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The Zaftig Diet
By Hayley Goldstein
My Yiddish-speaking friends have often affectionately called me “zaftig”. Kathryn Bernheimer hilariously defined this word as “I think I’ll skip desert, thank you”. Most people define it as “full or shapely”; others prefer to call it “juicy”. But, when it was originally used, Zaftig was a compliment. And, since the English language is highly influenced by modern American culture, where calling someone “full” or “shapely” is a severe insult, the word is best left undefined. If it must be translated, however, my favorite definition of Zaftig is “Deliciously plump”, from the Urban Dictionary. To me, all of these definitions describe a kind of living, not just a type of body. What does it mean to live a ‘juicy’ life? Contrary to Kathryn Bernheimer’s definition, I think it means “bring on desert, I only live once, and I love my Zaftig body”. After contemplating this word’s true meaning, I made a vow to myself to try and see myself as a beautiful zaftige maidela, a deliciously plump girl, and truly live a juicy life.
My quest for a juicy, zaftig life was forgotten and put on hold by a traumatic visit to the Dr.’s office. After seeing my weight for the first time in years, I broke down. As if that wasn’t enough, the Dr. came in to tell me that, what I thought was a ‘normal, healthy’ body, was mildly overweight and that “people like ‘us’” pointing at his belly, “need to know when to stop pigging out, park farther away from the grocery store so we can walk more, and tame that human instinct to eat too much”. As he went on to give a detailed description of a scene from “Dances with Wolves”, I looked at him, dumbfounded. At that moment, my ‘zaftig’ life philosophy went out the imaginary window of his tiny, florescent-lit office. As he left the office, I tried contemplating what he had just told me. I couldn’t have an analytical conversation in my head, though, as the emotions were too loud, and the tears drowning all logical thoughts. Several hours later, I finished crying and thought to myself “Why doesn’t this Jewish doctor know about Zaftig?”. In fact, what happened to Zaftig lifestyle in general?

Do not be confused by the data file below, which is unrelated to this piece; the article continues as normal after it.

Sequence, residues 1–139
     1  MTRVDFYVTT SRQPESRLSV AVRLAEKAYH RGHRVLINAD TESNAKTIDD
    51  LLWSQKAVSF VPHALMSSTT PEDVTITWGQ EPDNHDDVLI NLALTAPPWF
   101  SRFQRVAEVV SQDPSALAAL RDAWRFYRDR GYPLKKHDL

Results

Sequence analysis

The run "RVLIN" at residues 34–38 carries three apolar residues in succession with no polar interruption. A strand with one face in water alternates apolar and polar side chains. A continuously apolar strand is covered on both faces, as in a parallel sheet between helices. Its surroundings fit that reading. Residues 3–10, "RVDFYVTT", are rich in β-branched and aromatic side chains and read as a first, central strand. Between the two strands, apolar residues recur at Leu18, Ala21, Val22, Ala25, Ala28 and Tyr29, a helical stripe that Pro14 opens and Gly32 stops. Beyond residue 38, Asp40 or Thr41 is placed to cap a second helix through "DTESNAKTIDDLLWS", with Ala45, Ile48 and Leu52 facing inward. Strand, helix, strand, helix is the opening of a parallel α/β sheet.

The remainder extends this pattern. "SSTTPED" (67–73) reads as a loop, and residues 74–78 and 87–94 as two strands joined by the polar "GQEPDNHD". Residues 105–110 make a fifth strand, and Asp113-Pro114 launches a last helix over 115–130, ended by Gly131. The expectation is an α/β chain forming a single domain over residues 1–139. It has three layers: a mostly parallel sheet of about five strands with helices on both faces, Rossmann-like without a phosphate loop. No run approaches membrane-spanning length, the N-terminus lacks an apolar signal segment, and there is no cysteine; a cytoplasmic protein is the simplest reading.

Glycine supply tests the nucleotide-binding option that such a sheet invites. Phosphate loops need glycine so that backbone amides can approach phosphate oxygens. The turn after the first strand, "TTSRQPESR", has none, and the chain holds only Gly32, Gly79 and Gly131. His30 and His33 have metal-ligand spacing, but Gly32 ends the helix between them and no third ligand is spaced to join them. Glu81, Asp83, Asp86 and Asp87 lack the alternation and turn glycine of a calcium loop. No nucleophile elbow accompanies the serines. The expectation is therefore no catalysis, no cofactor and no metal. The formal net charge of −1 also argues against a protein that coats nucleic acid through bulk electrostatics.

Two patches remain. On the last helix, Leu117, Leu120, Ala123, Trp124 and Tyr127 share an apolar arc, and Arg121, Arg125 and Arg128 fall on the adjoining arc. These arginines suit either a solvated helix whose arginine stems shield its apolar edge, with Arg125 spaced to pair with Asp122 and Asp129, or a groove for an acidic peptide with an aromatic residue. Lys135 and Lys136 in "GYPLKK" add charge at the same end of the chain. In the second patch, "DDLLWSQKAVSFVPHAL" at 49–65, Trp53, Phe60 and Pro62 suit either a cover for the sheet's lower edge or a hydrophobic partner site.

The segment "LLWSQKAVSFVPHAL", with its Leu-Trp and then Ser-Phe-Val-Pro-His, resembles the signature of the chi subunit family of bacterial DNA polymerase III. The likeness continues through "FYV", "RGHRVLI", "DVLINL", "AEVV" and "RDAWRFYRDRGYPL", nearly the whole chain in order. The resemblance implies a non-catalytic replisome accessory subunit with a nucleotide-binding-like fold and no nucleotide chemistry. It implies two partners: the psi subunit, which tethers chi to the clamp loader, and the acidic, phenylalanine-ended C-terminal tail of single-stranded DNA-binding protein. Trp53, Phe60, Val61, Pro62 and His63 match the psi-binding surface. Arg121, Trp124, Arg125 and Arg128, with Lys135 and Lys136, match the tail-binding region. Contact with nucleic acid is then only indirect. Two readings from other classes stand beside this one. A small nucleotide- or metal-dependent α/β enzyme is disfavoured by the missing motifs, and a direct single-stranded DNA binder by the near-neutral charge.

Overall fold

I quickly did a run through in my head of what I knew about our culture’s obsession with ultra-thinness; Twiggy in the 60’s, all the way to sickly thin models 80 years later. Wait a second…there is no mention of Zaftig anywhere in that timeline. After a short pause of awe, I realized that it was not me, or even the doctor who was messed up. It is simply that our culture has been trained for decades that zaftig=horrendous, zaftig=unpleasant, zaftig=ugly, and at it’s worst, zaftig=unlovable. What would happen if the Zaftig philosophy was reintroduced into our culture?
I can see it now, the newest, hottest book at Barnes and Noble, “The Zaftig Diet”. The two words contradict each other enormously, but it would still be a great name. If it were up to me, the book would contain ways to live a deliciously plump life, make your life joyous, and love your body the way it is. If our culture lived this kind of life, and reintroduced Zaftig, in its most true and beautiful sense, back into their vocabulary, I believe we would be happier, if not also healthier, human beings. And, who knows? We might just start to love ourselves the way we are.
from the July 2007 Edition of the Jewish Magazine
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